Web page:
Baseball is a unique game. A player who fails seven out of ten times is considered one of the best. Many players have hit .300 over a week, month, even a season. However, only the best are able to do it over the long haul. Here are the best five hitters in modern baseball history. Those guys are all retired now, however if you still want to bet on some other players you can using our Pointsbet Promo Code.
5. Albert Pujols
Albert Pujols came into this world on January 16, 1980. Born in the Dominican Republic, Pujols has quickly risen to legendary status during his nine year career with the St. Louis Cardinals. In his first big league season, “El Hombre” hit a lofty .329 with 37 dingers and a mind-boggling 130 RBI en route to winning the 2001 Rookie of the Year Award. Pujols has continued his torrid pace year after year. He has hit over .310 in each of his nine years in the big leagues, hitting over .330 five times and over .350 twice. His power numbers have been some of the most consistent of the decade. He has not finished with fewer than 32 home runs in any season. Add that to the fact that Albert has had more walks than strikeouts in every season except for his rookie campaign and it is easy to see why he is the most complete hitter of his era and the one of the top five hitters in baseball history.
4. Tony Gwynn
Drafted by the San Diego Padres in the 3rd round of the 1981 draft, Tony Gwynn was a model of consistency over his twenty year career. Gwynn hit over .300 nineteen times. The left-handed hitting outfielder managed to do this by peppering the 5.5 hole with base hit after base hit. The fact that Gwynn was able to wait so long before swinging only strengthened his uncanny ability to make contact. He hit over .350 seven times. This does not tell the whole story however. Over those seven seasons, Gwynn collectively struck out 156 times. Ryan Howard struck out 199 times last year. Gwynn’s ability to make contact was unique. In spite of his power numbers, Tony Gwynn is easily one of the best five hitters of all-time considering the power-happy era in which he played.
3. Babe Ruth
The Bambino. The Sultan of Swat. The Babe. Baltimore’s own, George Herman Ruth, made his Major League debut on July 11, 1914 for the Boston Red Sox. The lore of the Babe grew exponentially when he was dealt to the New York Yankees in 1920. That was the year in which Ruth hit 54 home runs. After his first year in the Bronx, Ruth only continued to gain notoriety. In a power-starved era, he hit over 40 homers in eleven different seasons. Ruth’s 714 career home run mark does not tell the whole story of his ability as a hitter. The man was an on-base machine before on-base percentage became such a highly regarded statistic. Ruth had five seasons in which he finished with an on-base percentage of higher than .510. His career batting average was .342, good for 10th all-time. When taking all of the Babe’s numbers into account, it is clear as to why he is considered one of the greatest hitters of all-time.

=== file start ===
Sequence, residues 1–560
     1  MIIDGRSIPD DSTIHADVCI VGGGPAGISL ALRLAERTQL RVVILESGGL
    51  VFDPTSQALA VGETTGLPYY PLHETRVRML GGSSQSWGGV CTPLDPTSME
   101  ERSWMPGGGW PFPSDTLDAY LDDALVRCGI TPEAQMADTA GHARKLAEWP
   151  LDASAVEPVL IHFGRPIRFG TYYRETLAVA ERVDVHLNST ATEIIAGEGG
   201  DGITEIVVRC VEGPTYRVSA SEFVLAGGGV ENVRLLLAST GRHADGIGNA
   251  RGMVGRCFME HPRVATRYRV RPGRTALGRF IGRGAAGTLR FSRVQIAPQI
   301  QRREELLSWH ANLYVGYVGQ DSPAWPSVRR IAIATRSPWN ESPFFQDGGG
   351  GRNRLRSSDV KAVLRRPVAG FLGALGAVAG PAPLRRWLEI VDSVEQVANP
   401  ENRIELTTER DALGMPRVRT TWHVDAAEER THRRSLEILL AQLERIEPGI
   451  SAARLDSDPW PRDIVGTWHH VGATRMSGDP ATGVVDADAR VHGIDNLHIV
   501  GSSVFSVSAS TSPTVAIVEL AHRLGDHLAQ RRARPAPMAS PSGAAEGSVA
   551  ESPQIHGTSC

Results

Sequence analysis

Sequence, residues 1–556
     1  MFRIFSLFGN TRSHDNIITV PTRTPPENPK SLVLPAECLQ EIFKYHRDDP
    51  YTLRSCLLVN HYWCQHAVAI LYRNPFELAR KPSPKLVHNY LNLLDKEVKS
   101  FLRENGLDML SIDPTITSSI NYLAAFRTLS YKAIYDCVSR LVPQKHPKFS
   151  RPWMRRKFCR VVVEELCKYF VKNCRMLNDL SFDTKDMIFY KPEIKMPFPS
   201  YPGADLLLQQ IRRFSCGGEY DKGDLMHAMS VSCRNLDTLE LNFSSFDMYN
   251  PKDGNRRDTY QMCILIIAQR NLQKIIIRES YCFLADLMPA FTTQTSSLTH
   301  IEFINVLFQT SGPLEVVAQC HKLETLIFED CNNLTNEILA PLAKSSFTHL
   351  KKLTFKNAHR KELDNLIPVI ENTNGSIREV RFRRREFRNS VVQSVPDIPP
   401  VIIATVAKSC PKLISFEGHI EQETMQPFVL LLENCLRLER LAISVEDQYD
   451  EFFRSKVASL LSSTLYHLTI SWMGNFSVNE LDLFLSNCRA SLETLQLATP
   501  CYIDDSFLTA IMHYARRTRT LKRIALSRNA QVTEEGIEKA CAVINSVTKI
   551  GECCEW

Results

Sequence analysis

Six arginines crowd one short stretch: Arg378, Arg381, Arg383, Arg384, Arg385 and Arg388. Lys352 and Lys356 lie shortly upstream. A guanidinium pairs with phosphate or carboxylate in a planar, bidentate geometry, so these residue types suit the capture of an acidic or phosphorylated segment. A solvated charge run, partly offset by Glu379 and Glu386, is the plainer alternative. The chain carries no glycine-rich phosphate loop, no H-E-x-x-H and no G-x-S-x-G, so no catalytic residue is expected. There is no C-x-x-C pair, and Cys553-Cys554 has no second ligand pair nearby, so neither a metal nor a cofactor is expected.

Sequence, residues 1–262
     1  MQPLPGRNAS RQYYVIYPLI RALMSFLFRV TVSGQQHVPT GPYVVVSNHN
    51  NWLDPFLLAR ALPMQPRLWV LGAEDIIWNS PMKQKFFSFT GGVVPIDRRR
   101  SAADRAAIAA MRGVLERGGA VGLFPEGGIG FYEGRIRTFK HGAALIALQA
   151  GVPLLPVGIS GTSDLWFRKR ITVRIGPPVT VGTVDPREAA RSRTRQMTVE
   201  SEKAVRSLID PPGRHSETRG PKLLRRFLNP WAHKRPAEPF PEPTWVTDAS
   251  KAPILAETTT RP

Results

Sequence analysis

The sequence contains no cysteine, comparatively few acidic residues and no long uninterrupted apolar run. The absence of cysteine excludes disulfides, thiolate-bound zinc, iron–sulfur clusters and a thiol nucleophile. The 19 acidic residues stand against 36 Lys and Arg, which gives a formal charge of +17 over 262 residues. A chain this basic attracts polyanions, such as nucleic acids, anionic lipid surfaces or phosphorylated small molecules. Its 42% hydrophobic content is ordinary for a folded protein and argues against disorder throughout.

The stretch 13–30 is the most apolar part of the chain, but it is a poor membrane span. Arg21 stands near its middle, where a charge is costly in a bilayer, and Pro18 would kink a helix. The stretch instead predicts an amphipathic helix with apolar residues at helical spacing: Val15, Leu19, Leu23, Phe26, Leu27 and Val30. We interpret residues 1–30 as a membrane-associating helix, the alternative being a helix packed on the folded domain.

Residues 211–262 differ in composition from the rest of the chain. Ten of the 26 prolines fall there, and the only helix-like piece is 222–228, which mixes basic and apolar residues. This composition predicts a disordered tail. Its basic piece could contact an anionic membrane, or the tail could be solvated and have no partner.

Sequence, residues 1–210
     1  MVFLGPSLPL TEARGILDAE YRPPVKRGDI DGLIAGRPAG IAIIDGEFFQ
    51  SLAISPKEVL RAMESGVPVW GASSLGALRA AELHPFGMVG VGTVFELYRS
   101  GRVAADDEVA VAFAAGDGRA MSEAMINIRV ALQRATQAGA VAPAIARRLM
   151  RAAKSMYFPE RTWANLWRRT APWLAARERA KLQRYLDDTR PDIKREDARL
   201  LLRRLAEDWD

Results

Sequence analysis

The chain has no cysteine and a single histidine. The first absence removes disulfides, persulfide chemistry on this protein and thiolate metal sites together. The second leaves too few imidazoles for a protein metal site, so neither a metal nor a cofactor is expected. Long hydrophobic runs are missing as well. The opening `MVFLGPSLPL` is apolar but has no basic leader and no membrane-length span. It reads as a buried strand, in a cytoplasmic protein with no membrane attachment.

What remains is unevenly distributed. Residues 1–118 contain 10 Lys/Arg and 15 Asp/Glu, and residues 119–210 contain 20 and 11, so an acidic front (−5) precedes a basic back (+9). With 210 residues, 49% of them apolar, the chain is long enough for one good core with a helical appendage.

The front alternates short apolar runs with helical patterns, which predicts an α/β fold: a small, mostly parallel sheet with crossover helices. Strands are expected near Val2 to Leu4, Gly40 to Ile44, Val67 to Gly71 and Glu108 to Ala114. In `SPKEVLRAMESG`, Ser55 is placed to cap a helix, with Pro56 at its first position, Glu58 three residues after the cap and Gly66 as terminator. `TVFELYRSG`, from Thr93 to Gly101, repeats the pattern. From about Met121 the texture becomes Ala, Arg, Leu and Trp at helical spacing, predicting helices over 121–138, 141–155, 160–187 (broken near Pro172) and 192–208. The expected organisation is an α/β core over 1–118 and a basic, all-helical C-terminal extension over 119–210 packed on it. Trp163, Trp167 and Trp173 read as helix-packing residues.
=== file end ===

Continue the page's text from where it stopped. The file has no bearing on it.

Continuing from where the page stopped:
2. Pete Rose
Charlie Hustle made his debut with the Reds in April of 1963. Cincinnati had no clue what they had on their hands when they inked this spark plug to a contract in 1960. Pete Rose hit over .300 in fifteen of his twenty-four big league seasons. While this may not seem as incredible as Gwynn’s accomplishments, Rose is “The Hit King.” The switch hitter was able to amass an unthinkable 4256 hits, which allowed him to eclipse the once seemingly untouchable total of 4189 by Ty Cobb. Pete Rose was able to do this by totaling over 200 hits in ten separate seasons. Rose is also known for his run at Joe DiMaggio’s hitting streak of fifty-six games. In spite of the fact that Pete truly thought he was destined to break the record, his streak of forty-four games with a hit came to an end at the hands of Gene Garber and his devastating change-up. Although Rose was upset after being unable to extend it, his streak tied the National League record of consecutive games with a hit which was held by Willie Keeler. Rose’s collective achievements clearly make him one of the greatest hitters of all-time.
1. Ted Williams
Born on August 30, 1918, the Splendid Splinter was known for his powerful left-handed stroke and keen eye. In his first major league season at age twenty, Williams had 31 home runs and 145 RBI. He was the first rookie ever to lead the league in RBI. It was clear to everyone that Ted was going to be something special because of his unique abilities and his obsession with hitting. After just three years in the big leagues, Williams hit .406. He is the last person to achieve this feat. After winning the Triple Crown by batting a whopping .356 with 36 home runs and 137 RBI in 1942, Ted Williams went off to fight World War II. Three years later, he returned to play for Boston and continued right where he left off. In 1946, he hit .343 with 38 home runs, 123 RBI, and an on-base percentage of .497. Ted Williams retired at age 41 even though he had hit .316 during the 1960 campaign. Had Williams not lost three years to World War II and most of the 1952 and 1953 seasons to the Korean War, it is widely believed that he would have toppled Babe Ruth’s career mark of 714 home runs. Williams’ career batting average of .344 is good for eighth best all-time. He won the Triple Crown twice in his career. In spite of what the numbers could have been, Williams’ achievements are more than enough to earn him the nod as the greatest hitter of all time.
*statistics obtained through http://www.baseball-reference.com/